The eradication of vermin with a view to preventing louse-borne diseases was one of the important sanitary problems during the war. The condition sexisting abroad resulted in a prevalence of lice among soldiers which had probably never been equaled before. No army abroad was spared from this pest or from the diseases conveyed by lice. In April, 1918, it was reported from the American Expeditionary Forces that about 50 per cent of all troops arriving from the United States were vermin infested.73

Later investigations showed that these estimates were excessive and that such troops as were infested consisted almost exclusively of colored labor battalions, hastily organized and sent overseas.74 On June 18, 1918, a circular letter was sent to all camps, cantonments, and posts requesting information on the degree of lice infestation present and the methods employed for its control. 75


At this time a paragraph dealing with this question was added to Special Regulations No. 28, which governed sanitation and the control of communicable diseases. 76

Early in June, 1918, a subsection on vermin infestation was organized in the Division of Sanitation with a medical officer in charge.77Somewhat later an officer of the United States Public Health Service was attached to the Army and ordered to France to study conditions regarding louse infestation on transports and at foreign ports, while the chief of the subsection was ordered to Newport News to make similar studies there. The results of these investigations indicated that vermin infestation was more common in the United States than had previously been supposed. At Newport News 0.6 per cent of a certain group of white soldiers and 42 per cent of a certain group of colored soldiers were found infested, mostly with pubic lice.78 Of the crews of three transports 2.1 per cent were found louse-infested. 79Investigations carried on at Camp Meade showed that 3.5 per cent of white and 26 per cent of negro recruits arriving in camp at one period were infested. 80 Vermin infestation was not found among troops on transports at that time, but the degree of infestation at base ports and rest camps in France and England was very high. As a result of this investigation universal delousing of all troops before embarking for Europe was recommended.  81

The problem of excluding vermin infestation and louse-borne diseases from the United States was deemed of great importance, and a program of inspection and delousing with this in view was put into effect.

An important feature of the administrative work of this subsection was the designing, in conjunction with the Construction Division in the War Department, of delousing plants, known in some stations as "sanitary process plants." 82 These plants were designed in three sizes, capable of disinfesting 130, 40, and24 men, respectively, per half hour. Plans had been approved for constructing such plants in 45 camps, at a cost of about $1,800,000, when the signing of the armistice put an end to this work. However, nine of the large-size plants and one medium-size plant, together with several nonstandardized improvised plants, were built, equipped, and satisfactorily operated at ports and camps of debarkation for the purpose of handling troops returning from France.

Among other activities of the subsection may be mentioned various inspections of the debarkation camps and ports of embarkation with a view to determining the efficiency of the methods of disinfestation employed. An educational campaign was started, of which the most important feature was the making of a motion picture called "Fighting the Cootie." This was used for the instruction of enlisted men. Likewise, various memoranda and publications on the louse problem were issued. Research work consisted in examining various substances reputed to be lethal for vermin, experimenting with gases used for fumigation, investigating methods for the impregnation of underwear, studying various soaps and powders, and testing laundry appliances, dry-cleaning machinery, and other apparatus recommended for deverminizing purposes.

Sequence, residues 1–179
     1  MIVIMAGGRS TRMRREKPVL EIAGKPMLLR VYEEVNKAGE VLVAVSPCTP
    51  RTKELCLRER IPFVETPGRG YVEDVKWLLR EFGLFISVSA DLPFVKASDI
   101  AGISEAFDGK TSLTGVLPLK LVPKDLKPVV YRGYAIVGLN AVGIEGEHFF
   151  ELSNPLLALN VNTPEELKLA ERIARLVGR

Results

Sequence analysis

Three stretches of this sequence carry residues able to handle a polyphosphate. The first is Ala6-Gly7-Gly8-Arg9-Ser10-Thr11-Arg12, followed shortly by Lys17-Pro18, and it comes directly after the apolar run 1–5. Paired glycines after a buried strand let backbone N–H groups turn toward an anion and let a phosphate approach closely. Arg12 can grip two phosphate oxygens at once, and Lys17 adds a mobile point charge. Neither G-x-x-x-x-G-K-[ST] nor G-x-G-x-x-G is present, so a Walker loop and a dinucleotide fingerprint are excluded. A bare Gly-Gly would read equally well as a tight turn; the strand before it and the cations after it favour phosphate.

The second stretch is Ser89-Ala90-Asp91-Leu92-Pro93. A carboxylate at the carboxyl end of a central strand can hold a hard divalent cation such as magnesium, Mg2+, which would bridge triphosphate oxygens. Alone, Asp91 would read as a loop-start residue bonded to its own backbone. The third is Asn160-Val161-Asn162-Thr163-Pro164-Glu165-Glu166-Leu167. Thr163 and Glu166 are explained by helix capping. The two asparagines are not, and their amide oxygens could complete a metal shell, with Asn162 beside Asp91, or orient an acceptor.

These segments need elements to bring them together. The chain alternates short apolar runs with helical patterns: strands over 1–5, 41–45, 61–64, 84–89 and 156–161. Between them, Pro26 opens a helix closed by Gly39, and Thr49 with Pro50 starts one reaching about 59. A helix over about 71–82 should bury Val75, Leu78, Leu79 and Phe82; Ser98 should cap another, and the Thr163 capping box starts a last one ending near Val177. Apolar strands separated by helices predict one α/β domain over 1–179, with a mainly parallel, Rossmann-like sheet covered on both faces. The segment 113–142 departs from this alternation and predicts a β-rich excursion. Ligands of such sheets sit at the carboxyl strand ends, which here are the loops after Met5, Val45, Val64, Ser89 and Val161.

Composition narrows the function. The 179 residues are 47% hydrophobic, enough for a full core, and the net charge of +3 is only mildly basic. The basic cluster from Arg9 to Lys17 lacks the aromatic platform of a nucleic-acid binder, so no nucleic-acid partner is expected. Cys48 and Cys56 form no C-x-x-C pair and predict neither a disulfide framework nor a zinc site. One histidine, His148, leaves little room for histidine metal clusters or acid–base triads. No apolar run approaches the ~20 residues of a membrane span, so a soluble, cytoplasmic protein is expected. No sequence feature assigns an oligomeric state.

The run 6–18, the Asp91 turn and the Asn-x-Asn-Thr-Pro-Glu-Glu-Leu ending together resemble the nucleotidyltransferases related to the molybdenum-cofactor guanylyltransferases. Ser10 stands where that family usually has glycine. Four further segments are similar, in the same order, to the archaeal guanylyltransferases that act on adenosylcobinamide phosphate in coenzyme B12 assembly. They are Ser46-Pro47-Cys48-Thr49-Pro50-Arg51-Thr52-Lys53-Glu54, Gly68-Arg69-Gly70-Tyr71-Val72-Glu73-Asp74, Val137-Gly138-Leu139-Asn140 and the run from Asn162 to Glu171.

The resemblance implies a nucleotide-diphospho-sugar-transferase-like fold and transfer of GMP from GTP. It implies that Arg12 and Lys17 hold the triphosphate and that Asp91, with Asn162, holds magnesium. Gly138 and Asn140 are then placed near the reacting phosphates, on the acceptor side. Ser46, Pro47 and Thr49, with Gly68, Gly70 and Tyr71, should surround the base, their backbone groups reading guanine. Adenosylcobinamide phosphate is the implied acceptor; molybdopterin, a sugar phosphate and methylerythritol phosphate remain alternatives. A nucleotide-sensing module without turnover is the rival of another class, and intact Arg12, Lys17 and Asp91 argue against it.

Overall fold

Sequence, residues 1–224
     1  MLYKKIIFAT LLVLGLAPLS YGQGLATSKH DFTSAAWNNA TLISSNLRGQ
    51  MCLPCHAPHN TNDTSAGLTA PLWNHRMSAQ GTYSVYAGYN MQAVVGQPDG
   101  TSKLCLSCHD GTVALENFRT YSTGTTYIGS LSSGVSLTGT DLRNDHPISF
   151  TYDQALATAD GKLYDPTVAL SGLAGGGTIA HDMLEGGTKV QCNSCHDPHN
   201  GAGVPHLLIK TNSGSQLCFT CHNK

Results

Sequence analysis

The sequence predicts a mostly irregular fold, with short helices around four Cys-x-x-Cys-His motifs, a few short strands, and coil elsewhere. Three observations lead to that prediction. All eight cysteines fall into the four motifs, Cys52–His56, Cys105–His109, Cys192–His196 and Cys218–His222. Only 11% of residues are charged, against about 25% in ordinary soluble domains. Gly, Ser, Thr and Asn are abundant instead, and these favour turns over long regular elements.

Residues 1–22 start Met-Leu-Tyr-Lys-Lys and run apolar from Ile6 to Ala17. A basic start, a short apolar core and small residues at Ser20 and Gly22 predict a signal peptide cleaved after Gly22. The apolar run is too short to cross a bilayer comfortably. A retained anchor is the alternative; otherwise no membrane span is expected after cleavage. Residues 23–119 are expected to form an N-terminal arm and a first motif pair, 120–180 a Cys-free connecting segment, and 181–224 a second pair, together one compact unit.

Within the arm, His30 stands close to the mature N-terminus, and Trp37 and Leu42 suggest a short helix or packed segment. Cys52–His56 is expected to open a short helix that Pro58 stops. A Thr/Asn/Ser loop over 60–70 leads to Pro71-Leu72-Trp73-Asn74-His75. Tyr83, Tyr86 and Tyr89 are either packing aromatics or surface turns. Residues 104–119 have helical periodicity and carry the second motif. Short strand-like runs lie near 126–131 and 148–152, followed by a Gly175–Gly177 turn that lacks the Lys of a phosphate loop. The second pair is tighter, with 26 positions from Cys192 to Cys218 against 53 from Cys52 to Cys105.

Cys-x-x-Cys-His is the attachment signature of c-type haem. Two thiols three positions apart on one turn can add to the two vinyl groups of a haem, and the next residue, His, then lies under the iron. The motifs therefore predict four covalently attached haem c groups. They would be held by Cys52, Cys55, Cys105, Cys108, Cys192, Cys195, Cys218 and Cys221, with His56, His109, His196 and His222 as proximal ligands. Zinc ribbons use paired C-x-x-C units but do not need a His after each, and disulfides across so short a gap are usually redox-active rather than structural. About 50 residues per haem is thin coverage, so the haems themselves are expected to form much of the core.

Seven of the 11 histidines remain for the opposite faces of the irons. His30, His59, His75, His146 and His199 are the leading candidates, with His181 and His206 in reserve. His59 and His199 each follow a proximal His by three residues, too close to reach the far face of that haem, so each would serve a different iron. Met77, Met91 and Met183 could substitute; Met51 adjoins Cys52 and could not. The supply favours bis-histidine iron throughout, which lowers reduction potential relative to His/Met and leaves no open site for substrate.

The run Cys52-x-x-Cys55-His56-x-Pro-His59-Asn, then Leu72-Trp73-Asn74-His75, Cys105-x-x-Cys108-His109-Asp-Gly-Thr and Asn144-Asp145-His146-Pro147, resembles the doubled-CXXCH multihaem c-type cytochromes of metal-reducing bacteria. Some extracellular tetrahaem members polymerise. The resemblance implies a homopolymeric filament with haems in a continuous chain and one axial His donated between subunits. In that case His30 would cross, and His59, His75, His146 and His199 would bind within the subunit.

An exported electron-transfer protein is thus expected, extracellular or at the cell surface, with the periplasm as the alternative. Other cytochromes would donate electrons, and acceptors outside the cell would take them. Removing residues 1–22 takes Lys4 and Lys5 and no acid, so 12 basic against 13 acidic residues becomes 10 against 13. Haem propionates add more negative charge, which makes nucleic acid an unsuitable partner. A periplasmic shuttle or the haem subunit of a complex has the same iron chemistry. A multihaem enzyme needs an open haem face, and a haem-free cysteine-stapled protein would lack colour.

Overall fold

The various tables dealing with the degrees of infestation of troops in camp, embarking and debarking, and also pertaining to the degree of infesta-


tion found in troops arriving from England and France, are included in the chapter on vermin infestation in the volume on Sanitation.

Over 2,000,000 troops were returned to the United States and, so far as known, not a single case of louse-borne disease was introduced, nor was vermin infestation carried into the civil communities by discharged soldiers. 83 Of the same number of men examined for discharge from the service only five in a hundred thousand were found with any of the three types of lice. These results may be regarded as conclusive evidence of the success of the methods in vogue abroad, at home ports, and in transit, since about 90 per cent of the troops arriving at the base ports in France, immediately following the signing of the armistice, were reported to be infested, 84 though later on this percentage was much reduced.


Correspondence relating to the physical condition of individual officers and enlisted men had long been one of the functions of this division and was so continued during the war. On November 3, 1918, the officer in charge of this subsection was temporarily detached and assigned to the Personnel Branch of the General Staff as the representative of the Surgeon General, with the object of expediting action on matters relating to the physical condition of individual officers and candidates for commission. The work of this officer in the Personnel Branch continued a part of the Division of Sanitation, since all action taken by him on official papers was in the name of the Surgeon General and appeared of record in the files of this office.